The use of racial stereotyping to conduct criminal investigations and arrests is humiliating and sometimes leads to unjustified arrest records. In particular, the law enforcement procedure of "stop and frisk" led to disproportionate arrests of blacks and Latinos in New York City. The Community Safety Act is a two-part piece of legislation that was passed to end this pattern and bring about substantive changes in police procedures. If you have been a victim of police misconduct in New York City, such as racial profiling, the civil rights lawyers at Phillips & Associates may be able to help.Prohibitions on Racial Profiling
The End Racial Profiling Act or Local Law 71 was enacted to prohibit bias-based profiling by police officers after other measures were insufficient to stop the practice. Bias-based profiling occurs when a law enforcement officer relies on actual or perceived race, color, national origin, or other characteristics of identity as the determinative factor in whether to take a law enforcement action against a person. In other words, a police officer uses stereotypes as the sole basis for linking a person to a suspected crime.
Under Local Law 71, individuals have a private cause of action for intentional bias-based racial profiling or policies, or practices that result in disparate impacts on certain populations. Local Law 71 does not prohibit officers from considering race at all in deciding whether to start a law enforcement action, but it prohibits using race as the sole determinative factor. You can only sue under this law to change department policy, not to get damages.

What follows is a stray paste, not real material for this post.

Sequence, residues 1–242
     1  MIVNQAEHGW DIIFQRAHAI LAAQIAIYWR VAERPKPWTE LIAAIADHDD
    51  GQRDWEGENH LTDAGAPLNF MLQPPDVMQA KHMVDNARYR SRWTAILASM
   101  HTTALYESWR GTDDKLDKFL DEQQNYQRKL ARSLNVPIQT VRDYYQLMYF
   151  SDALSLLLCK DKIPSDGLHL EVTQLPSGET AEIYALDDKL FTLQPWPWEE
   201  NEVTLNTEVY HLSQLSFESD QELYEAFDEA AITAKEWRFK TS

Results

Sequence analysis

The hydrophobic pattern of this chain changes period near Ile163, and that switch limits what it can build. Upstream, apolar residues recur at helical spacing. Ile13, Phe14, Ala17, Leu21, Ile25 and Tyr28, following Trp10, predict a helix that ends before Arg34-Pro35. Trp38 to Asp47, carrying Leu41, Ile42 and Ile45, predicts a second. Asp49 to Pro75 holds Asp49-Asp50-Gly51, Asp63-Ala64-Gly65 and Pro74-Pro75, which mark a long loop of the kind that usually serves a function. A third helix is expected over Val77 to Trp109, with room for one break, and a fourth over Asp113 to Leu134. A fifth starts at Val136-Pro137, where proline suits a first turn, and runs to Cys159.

If you believe a New York City police officer intentionally took a law enforcement action against you based on a characteristic that is listed in Local Law 71, such as race, you can sue based on intentional discrimination. To defend against this claim, the government would need to show it had a sound basis for targeting you. Intentional discrimination will not include reasonable actions that police take based on a specific description of a suspect.
Another basis for a lawsuit under Local Law 71 is "disparate impact." This type of case can be brought if a certain law enforcement action has a discriminatory impact on a particular community of people described in the law, such as the black community or the Latino community. It is not enough to cite statistics for these types of cases. You will also need to show evidence of how the policy disparately affects a particular community. The NYPD can successfully defend against a claim by showing the policy serves a legitimate law enforcement goal.
As noted above, racial profiling lawsuits are not brought to get money damages, but to change police policy. However, depending on the circumstances, it may be appropriate to bring claims for damages based on assault, battery, or excessive force as well.Consult a New York City Lawyer to Discuss a Police Misconduct Claim
Stop and frisk procedures restricted minorities in New York from traveling and associating freely. The End Racial Profiling Act provides a valuable mechanism for changing police practices with regard to minorities. Racial profiling cases can be challenging to prove because police officers may unite behind a discriminatory practice or the actions of another officer. At Phillips & Associates, our civil rights attorneys offer experienced representation for people throughout New York City, including in the Bronx, Queens, and Manhattan. If you or a loved one is a victim of police brutality, call us at (212) 248-7431 or set up an appointment through our online form.